While many of us are gearing up for a (smaller than usual) Thanksgiving celebration, hackers are still targeting emails, passwords and even videoconferencing. Here’s what’s happening right now in the world of cybersecurity.
Beware of “Site Notifications” – It seems like more and more sites (especially news sites) are presenting readers with a pop-up window asking for permission to send notifications. It’s easy to accidentally click “yes” to these, which will lead to you being harassed every few hours by popup messages. But while this was previously only annoying, it’s increasingly turning dangerous as some sites sell the ability to send these notifications to third parties, including malicious ones. Brian Krebs explains how this works in a recent post, but it’s up to users to be extra cautious about clicking “Yes” on the pop-up notification just to get it off the screen. Read more at Krebs on Security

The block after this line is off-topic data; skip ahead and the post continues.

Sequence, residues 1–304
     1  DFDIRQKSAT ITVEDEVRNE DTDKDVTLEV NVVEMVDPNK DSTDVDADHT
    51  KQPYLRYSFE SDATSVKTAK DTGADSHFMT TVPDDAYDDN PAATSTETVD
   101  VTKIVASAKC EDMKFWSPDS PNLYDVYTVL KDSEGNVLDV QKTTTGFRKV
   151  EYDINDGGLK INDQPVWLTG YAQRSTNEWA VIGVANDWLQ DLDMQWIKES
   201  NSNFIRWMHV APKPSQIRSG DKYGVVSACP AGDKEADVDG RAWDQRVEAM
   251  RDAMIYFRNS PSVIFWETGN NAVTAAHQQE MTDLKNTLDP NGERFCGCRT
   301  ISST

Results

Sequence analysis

Spotify Passwords Are Everywhere Now – After a security company found hundreds of thousands of Spotify passwords inside of an unprotected database, Spotify has confirmed that they are legitimate.
If you have any employees who use Spotify and use the same password for everything, then you might have a problem. That’s because there’s a good chance that their password for everything (including their work computer) is now compromised.
In fact, one theory on how these usernames and passwords were obtained is that they were stolen from another source, tested on Spotify and confirmed to work there too. Read more at Threatpost
Email Compromise Could Lead to Videoconference Eavesdropping – A recently-patched WebEx vulnerability allowed anyone with a link to a videoconference (and the password, if applicable) to sit in on a meeting without appearing on the participants list. They could even remain in the room after being removed by the host. This means that an email compromise could have quickly turned into a hacker literally listening in on sensitive meetings, highlighting yet another way that a compromised email account is a major security threat. Read More at Cisco